It was during their sophomore year.

They fell in love and have been together ever since.

Dan played basketball and baseball and was the senior class president in 1982.

You had to know their marriage would work, considering they somehow got through the fact that Dan was a USC Trojan, while Pam got her education at UCLA.

They would get married on November 14, 1987.

Pam and Dan have two sons and a granddaughter.

Ryan Henley is 30 and has a wife named Breanna.

Kevin, 27, and his wife, Michelle, made Dan and Pam grandparents for the first time.

Briar Henley is three years old.

Ryan played baseball at Bonita High School, while Kevin was a golfer for the Bearcats.

Both Henley boys would earn their college degrees from APU.

One of the thrills of Dan’s life was being asked to officiate the weddings of both sons.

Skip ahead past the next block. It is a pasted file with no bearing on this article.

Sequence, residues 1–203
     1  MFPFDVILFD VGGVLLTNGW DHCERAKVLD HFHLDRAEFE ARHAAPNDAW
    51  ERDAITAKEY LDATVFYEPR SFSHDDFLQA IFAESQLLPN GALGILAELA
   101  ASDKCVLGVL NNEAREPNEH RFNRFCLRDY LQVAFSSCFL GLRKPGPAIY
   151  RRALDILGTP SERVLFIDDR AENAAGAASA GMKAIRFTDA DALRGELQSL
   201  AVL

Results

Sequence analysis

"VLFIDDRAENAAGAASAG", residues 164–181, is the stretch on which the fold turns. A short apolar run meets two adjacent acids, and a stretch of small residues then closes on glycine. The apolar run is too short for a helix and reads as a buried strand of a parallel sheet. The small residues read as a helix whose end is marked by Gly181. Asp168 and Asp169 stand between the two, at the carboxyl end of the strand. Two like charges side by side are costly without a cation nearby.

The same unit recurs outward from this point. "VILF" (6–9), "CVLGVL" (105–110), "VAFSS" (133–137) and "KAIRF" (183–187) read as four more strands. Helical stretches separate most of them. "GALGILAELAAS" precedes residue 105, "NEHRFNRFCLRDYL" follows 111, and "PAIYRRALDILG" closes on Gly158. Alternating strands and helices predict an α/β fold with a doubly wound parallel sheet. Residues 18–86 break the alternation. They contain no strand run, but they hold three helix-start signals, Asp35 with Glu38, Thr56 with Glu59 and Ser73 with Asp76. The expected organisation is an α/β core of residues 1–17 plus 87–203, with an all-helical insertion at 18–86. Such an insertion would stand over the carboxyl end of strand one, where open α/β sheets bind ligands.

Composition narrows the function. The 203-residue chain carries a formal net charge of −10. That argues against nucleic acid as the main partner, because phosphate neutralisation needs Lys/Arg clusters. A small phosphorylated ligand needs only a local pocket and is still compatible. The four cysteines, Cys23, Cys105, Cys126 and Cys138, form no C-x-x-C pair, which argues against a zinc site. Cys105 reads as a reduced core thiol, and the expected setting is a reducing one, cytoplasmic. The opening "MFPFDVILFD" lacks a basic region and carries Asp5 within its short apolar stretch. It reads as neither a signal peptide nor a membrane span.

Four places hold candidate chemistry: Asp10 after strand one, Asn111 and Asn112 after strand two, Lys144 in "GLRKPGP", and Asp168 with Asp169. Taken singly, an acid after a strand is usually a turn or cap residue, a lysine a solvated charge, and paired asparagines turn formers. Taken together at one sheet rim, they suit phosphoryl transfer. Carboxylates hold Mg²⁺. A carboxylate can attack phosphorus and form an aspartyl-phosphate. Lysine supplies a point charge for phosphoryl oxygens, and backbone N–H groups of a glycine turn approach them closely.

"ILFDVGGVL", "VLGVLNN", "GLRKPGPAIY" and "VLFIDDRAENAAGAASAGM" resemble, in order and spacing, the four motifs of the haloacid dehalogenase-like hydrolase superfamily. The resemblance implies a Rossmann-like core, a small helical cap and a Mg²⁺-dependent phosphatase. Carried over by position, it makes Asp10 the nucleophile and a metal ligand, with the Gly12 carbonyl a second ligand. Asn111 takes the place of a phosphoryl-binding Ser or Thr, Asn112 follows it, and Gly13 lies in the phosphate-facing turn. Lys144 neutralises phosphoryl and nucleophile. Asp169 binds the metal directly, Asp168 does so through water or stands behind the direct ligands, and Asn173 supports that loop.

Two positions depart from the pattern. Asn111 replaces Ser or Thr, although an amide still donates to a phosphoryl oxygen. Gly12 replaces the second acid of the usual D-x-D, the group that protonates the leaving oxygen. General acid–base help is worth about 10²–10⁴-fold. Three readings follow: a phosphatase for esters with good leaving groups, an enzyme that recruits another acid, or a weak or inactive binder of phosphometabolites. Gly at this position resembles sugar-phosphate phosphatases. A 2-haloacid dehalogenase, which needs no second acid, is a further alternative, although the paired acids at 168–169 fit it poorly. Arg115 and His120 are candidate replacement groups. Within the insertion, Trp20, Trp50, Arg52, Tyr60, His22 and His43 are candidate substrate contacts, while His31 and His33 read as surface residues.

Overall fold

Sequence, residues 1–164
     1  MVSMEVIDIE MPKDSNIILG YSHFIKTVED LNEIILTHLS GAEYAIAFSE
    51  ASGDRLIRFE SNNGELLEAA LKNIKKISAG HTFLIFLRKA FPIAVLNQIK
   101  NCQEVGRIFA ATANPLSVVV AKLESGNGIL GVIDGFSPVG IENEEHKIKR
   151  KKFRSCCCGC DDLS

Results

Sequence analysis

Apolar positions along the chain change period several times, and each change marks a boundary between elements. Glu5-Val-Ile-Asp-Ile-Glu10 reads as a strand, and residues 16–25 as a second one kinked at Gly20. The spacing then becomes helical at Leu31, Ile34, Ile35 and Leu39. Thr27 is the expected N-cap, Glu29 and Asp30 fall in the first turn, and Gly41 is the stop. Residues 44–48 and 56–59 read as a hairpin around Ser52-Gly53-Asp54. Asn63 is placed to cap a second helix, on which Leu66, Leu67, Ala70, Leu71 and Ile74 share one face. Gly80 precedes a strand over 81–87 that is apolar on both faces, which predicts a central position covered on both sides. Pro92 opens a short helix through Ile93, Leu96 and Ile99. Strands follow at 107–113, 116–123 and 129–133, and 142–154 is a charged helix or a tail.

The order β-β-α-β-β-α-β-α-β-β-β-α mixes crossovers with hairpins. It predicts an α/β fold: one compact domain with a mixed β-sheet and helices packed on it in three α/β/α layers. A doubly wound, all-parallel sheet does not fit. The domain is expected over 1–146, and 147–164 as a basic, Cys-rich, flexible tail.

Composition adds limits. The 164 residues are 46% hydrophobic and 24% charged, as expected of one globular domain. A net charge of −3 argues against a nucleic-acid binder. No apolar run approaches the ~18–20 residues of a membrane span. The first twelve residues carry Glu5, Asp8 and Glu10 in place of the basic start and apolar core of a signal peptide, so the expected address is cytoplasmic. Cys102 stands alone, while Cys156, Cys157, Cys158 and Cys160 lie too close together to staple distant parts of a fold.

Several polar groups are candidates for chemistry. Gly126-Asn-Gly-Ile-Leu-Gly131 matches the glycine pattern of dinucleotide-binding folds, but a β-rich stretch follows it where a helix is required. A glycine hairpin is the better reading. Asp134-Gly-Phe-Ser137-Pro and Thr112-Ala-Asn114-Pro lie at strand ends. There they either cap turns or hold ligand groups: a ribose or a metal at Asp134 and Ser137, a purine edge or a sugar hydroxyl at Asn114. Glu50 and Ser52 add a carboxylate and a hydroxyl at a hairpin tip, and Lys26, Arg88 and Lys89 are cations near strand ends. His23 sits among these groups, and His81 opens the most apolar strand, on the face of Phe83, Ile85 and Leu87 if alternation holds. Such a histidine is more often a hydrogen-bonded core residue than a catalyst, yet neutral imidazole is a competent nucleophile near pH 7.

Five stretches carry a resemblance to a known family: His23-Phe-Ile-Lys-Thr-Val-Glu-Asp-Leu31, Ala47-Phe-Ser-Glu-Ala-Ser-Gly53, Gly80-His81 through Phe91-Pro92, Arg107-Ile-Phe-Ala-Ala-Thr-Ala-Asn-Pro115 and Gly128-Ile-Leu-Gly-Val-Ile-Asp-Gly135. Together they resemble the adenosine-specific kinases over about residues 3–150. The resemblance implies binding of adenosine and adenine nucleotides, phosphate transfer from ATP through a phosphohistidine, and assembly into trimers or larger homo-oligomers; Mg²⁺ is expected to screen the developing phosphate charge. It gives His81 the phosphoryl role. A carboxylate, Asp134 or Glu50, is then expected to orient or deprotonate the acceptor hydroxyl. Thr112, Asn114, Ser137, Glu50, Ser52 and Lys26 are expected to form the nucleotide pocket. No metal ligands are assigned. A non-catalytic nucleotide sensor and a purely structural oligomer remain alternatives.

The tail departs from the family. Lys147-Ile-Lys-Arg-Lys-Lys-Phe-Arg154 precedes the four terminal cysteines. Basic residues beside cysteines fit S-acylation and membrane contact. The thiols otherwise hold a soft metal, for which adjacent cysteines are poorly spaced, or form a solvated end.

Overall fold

And as he said numerous times, none of the success or happiness would have been attainable without a remarkable and selfless wife.

“Pam is a caring and amazing person,” Dan said. “She has taught me so much in life, and she always pushes me and our boys to be a better person tomorrow than we were today. She also helped me learn how to become a more patient person and that has helped in every phase of my life. When we met, she knew at the age of 15 that she wanted to be a teacher, and that really impressed me. She has always had a passion for helping young people improve their lives. During baseball season, and on top of everything else, Pam had the responsibility of making sure Ryan and Kevin were doing well and that their needs were being met. I couldn’t have had the career or life that I’ve had without the sacrifice and love of Pam.”

Pam Henley had a 35-year career in public education, the last 25 of which were spent teaching at Sandburg Middle School in Glendora.